Acknowledgements

We thank all members of our laboratory for enthusiastic and helpful discussions. We thank Mark Noble, Christoph Pröschel and Daniel C. Tanner for critical reading of the manuscript. We thank Karen L. Bentley of the University of Rochester'sElectron Microscope Research Corefor her expertise in generating the EM images and data. The work was supported by R01 NS0428200251 (MMP) and NINDS Training Grant 1T32NS051152-01 in Neuroinflammation and Glial Cell Biology (FS).

References

  1. Mayer-Proschel M: Cell differentiation in the embryonic mammalian spinal cord.

    J Neural Transm Suppl 1999, 55:1-8. PubMed Abstract OpenURL

  2. Noble M, Proschel C, Mayer-Proschel M: Getting a GR(i)P on oligodendrocyte development.

    Dev Biol 2004, 265(1):33-52. PubMed Abstract | Publisher Full Text OpenURL

  3. Raff MC, Miller RH, Noble M: A glial progenitor cell that develops in vitro into an astrocyte or an oligodendrocyte depending on culture medium.

    Nature 1983, 303(5916):390-396. PubMed Abstract | Publisher Full Text OpenURL

  4. Gregori N, Proschel C, Noble M, Mayer-Proschel M: The tripotential glial-restricted precursor (GRP) cell and glial development in the spinal cord: generation of bipotential oligodendrocyte-type-2 astrocyte progenitor cells and dorsal-ventral differences in GRP cell function.

    J Neurosci 2002, 22(1):248-256. PubMed Abstract | Publisher Full Text OpenURL

  5. Han SS, Liu Y, Tyler-Polsz C, Rao MS, Fischer I: Transplantation of glial-restricted precursor cells into the adult spinal cord: survival, glial-specific differentiation, and preferential migration in white matter.

    Glia 2004, 45(1):1-16. PubMed Abstract | Publisher Full Text OpenURL

  6. Hill CE, Proschel C, Noble M, Mayer-Proschel M, Gensel JC, Beattie MS, Bresnahan JC: Acute transplantation of glial-restricted precursor cells into spinal cord contusion injuries: survival, differentiation, and effects on lesion environment and axonal regeneration.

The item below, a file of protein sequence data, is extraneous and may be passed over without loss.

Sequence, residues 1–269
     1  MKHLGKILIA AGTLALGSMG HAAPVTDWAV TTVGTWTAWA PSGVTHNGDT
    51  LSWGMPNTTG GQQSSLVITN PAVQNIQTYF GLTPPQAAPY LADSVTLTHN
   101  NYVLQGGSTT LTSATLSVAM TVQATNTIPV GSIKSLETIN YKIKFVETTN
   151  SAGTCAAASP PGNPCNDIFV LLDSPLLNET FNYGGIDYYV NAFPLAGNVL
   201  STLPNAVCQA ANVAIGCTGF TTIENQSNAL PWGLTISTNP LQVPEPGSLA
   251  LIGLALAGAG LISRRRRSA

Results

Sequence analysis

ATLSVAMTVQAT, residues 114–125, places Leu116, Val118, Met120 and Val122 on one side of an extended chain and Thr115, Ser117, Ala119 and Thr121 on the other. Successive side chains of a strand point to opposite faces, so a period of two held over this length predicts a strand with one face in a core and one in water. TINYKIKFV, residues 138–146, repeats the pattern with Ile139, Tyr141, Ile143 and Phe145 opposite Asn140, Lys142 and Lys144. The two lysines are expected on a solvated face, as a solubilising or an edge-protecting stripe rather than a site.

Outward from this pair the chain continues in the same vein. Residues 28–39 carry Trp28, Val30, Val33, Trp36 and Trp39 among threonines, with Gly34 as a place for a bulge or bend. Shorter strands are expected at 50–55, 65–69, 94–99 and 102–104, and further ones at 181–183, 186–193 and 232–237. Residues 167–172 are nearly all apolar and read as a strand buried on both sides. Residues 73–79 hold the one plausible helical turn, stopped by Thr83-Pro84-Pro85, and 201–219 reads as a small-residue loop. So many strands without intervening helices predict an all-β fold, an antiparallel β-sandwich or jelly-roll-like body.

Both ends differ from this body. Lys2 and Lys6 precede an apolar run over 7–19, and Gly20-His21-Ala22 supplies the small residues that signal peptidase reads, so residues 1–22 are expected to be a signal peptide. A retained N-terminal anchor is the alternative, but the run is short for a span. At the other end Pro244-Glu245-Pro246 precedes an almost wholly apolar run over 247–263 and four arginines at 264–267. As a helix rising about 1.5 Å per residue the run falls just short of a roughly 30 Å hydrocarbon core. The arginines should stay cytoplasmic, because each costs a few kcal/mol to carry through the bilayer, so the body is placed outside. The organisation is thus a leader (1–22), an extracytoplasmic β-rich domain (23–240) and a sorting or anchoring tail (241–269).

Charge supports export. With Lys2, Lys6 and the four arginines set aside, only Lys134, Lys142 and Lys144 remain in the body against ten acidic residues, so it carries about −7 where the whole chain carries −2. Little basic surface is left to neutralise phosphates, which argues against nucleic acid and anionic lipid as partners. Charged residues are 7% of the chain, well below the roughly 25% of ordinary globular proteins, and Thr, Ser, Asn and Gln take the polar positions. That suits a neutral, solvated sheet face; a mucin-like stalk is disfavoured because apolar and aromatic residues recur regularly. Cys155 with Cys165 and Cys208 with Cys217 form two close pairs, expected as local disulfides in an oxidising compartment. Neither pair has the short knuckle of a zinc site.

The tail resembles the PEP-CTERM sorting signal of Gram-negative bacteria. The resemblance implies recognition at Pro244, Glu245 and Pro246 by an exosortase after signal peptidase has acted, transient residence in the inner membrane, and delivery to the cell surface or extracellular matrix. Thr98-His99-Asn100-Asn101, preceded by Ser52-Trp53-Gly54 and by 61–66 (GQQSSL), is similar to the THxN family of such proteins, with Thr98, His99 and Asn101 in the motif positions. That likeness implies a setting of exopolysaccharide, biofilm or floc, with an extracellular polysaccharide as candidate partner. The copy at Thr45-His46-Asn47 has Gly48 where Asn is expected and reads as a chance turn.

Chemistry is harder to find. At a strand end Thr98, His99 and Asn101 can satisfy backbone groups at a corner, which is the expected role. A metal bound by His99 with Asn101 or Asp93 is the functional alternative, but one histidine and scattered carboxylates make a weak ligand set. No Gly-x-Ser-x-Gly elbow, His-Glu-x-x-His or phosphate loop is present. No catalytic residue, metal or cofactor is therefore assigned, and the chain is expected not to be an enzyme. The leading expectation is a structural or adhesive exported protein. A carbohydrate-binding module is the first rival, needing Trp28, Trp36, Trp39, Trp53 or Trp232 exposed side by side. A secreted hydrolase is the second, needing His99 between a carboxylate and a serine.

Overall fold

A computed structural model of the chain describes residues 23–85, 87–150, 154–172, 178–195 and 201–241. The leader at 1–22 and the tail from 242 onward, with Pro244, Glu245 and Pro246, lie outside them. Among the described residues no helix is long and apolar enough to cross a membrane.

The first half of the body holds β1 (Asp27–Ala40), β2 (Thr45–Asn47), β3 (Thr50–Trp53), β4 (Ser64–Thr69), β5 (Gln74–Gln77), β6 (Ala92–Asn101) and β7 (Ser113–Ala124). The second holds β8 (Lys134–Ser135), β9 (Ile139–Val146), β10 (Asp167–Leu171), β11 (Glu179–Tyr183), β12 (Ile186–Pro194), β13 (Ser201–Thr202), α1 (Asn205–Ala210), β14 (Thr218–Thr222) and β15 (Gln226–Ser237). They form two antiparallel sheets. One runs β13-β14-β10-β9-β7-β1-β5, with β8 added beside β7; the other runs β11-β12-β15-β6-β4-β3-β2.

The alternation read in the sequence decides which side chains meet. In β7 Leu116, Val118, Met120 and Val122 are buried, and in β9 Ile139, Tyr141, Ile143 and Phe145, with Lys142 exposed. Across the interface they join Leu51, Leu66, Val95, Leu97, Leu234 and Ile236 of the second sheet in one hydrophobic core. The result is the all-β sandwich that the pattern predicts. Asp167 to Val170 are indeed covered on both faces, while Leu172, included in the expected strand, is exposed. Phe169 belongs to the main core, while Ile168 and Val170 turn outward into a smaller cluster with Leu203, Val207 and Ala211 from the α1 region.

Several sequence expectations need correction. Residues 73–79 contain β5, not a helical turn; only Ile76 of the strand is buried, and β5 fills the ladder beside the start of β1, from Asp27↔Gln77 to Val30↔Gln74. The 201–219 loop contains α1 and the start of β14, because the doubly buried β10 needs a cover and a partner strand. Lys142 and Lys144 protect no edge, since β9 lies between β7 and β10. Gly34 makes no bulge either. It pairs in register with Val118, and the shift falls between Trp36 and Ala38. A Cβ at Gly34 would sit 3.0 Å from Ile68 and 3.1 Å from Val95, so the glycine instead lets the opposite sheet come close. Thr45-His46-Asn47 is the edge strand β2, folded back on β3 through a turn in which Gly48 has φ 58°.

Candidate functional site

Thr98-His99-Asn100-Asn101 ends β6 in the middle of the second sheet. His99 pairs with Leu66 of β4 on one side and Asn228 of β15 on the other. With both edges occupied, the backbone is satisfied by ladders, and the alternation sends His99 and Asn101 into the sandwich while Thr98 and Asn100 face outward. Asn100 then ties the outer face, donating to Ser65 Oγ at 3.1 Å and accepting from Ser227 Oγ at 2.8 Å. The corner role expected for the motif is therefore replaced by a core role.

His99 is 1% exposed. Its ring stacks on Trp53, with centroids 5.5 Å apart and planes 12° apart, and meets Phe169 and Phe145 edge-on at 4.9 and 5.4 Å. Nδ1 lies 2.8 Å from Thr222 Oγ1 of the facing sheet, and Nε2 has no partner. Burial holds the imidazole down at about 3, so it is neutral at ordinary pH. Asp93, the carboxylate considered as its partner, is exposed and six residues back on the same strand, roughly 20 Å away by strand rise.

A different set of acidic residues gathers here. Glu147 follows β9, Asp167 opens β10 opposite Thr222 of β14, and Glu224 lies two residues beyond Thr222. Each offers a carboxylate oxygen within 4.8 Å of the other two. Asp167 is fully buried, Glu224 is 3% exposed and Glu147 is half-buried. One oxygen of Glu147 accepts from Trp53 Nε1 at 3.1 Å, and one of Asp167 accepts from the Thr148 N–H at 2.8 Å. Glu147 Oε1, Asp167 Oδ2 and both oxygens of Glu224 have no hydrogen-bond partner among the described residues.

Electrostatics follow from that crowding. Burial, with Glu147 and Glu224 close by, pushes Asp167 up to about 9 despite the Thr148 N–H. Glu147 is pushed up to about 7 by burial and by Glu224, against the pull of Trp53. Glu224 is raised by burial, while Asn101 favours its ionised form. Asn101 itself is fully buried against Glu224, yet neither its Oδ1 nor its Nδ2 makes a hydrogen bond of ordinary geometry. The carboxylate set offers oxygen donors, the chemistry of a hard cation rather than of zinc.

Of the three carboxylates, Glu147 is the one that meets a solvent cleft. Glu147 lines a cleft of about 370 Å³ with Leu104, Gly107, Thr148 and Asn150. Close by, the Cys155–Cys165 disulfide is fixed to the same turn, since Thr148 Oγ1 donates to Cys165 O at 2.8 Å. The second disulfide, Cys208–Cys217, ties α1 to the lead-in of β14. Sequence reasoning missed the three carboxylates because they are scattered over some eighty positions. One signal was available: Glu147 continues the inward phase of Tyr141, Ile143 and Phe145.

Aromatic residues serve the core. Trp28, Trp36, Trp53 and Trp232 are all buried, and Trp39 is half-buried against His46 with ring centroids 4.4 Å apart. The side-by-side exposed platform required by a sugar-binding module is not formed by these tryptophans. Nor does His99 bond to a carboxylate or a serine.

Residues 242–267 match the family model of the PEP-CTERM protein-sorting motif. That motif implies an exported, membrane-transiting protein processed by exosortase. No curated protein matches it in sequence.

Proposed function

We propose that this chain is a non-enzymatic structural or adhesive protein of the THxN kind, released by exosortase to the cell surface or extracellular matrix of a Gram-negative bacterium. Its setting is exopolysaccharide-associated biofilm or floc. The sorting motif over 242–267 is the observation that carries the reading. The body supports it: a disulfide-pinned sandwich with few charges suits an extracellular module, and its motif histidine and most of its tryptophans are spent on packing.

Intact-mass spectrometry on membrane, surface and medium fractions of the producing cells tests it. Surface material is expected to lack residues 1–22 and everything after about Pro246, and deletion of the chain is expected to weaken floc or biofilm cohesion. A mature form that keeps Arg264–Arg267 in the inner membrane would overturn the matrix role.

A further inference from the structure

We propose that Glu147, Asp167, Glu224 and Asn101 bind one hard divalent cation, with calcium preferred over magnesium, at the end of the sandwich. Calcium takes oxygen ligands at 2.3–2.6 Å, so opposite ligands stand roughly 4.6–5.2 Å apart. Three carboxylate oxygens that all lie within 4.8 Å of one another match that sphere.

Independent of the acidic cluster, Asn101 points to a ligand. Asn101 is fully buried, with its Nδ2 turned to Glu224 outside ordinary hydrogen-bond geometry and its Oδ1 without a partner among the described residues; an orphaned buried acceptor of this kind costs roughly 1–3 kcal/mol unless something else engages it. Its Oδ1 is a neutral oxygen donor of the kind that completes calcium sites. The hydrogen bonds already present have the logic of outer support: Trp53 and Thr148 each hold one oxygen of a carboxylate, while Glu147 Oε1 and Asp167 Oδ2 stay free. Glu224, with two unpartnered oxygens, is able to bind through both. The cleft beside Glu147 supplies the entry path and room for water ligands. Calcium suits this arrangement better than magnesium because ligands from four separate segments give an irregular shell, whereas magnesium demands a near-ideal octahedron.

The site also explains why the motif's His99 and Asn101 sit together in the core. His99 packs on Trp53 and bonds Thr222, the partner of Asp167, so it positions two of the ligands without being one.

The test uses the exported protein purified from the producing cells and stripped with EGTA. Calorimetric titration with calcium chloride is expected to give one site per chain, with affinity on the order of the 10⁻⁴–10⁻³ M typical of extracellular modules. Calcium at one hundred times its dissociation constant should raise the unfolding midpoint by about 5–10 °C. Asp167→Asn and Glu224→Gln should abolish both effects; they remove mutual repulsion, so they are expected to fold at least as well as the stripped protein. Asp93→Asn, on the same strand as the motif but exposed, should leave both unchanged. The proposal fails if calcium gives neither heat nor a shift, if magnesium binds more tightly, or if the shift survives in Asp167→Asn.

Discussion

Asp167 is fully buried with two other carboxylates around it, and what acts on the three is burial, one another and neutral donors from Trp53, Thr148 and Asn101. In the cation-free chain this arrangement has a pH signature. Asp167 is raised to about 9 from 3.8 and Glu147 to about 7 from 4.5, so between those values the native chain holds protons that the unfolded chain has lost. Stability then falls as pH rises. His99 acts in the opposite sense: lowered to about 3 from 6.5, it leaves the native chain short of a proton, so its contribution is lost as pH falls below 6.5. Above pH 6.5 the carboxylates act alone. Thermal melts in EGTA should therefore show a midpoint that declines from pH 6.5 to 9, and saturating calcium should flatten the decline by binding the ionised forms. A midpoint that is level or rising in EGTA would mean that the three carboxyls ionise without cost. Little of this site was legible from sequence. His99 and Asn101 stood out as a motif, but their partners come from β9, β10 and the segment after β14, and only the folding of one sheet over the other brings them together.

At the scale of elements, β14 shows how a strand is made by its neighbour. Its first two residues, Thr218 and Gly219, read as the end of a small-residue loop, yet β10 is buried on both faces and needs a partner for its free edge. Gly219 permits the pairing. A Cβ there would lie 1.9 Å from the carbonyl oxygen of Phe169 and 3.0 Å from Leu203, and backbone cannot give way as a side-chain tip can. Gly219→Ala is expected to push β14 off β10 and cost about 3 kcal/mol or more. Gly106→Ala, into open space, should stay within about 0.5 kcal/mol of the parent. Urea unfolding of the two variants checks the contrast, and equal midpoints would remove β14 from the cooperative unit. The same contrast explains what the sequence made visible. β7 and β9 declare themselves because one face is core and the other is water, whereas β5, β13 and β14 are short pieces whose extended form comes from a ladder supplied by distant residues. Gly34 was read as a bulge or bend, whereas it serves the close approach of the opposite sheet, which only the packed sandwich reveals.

Experimental Neurology 2004, 190(2):289-310. PubMed Abstract | Publisher Full Text OpenURL

  7. Rao MS, Noble M, Mayer-Proschel M: A tripotential glial precursor cell is present in the developing spinal cord.

    Proc Natl Acad Sci U S A 1998, 95(7):3996-4001. PubMed Abstract | Publisher Full Text | PubMed Central Full Text OpenURL

  8. Kondo T, Raff M: Oligodendrocyte precursor cells reprogrammed to become multipotential CNS stem cells.

    Science 2000, 289(5485):1754-1757. PubMed Abstract | Publisher Full Text OpenURL

  9. Liu Y, Han SSW, Wu Y, Tuohy TMF, Xue H, Cai J, Back SA, Sherman LS, Fischer I, Rao MS: CD44 expression identifies astrocyte-restricted precursor cells.

    Developmental Biology 2004, 276(1):31-46. PubMed Abstract | Publisher Full Text OpenURL

  10. Herrera J, Yang H, Zhang SC, Proschel C, Tresco P, Duncan ID, Luskin M, Mayer-Proschel M: Embryonic-derived glial-restricted precursor cells (GRP cells) can differentiate into astrocytes and oligodendrocytes in vivo.

    Exp Neurol 2001, 171(1):11-21. PubMed Abstract | Publisher Full Text OpenURL

  11. Espinosa de los Monteros A, Zhang M, De Vellis J: O2A progenitor cells transplanted into the neonatal rat brain develop into oligodendrocytes but not astrocytes.

    Proc Natl Acad Sci U S A 1993, 90(1):50-54. PubMed Abstract | Publisher Full Text | PubMed Central Full Text OpenURL

  12. Liu Y, Wu Y, Lee JC, Xue H, Pevny LH, Kaprielian Z, Rao MS: Oligodendrocyte and astrocyte development in rodents: an in situ and immunohistological analysis during embryonic development.

    Glia 2002, 40(1):25-43. PubMed Abstract | Publisher Full Text OpenURL

  13. Liu Y, Rao MS: Glial progenitors in the CNS and possible lineage relationships among them.

    Biol Cell 2004, 96(4):279-290. PubMed Abstract | Publisher Full Text OpenURL

  14. Noble M, Arhin A, Gass D, Mayer-Proschel M: The cortical ancestry of oligodendrocytes: common principles and novel features.

    Dev Neurosci 2003, 25(2-4):217-233. PubMed Abstract | Publisher Full Text OpenURL

  15. LeVine SM, Goldman JE: Embryonic divergence of oligodendrocyte and astrocyte lineages in developing rat cerebrum.

    J Neurosci 1988, 8(11):3992-4006. PubMed Abstract | Publisher Full Text OpenURL

  16. Levison SW, Goldman JE: Both oligodendrocytes and astrocytes develop from progenitors in the subventricular zone of postnatal rat forebrain.

    Neuron 1993, 10(2):201-212. PubMed Abstract | Publisher Full Text OpenURL

  17. Brittis PA, Meiri K, Dent E, Silver J: The earliest patterns of neuronal differentiation and migration in the mammalian central nervous system.

    Exp Neurol 1995, 134(1):1-12. PubMed Abstract | Publisher Full Text OpenURL

  18. Gotz M: Getting there and being there in the cerebral cortex.

    Experientia 1995, 51(4):301-316. PubMed Abstract | Publisher Full Text OpenURL

  19. Jimenez D, Lopez-Mascaraque LM, Valverde F, De Carlos JA: Tangential migration in neocortical development.

    Dev Biol 2002, 244(1):155-169. PubMed Abstract | Publisher Full Text OpenURL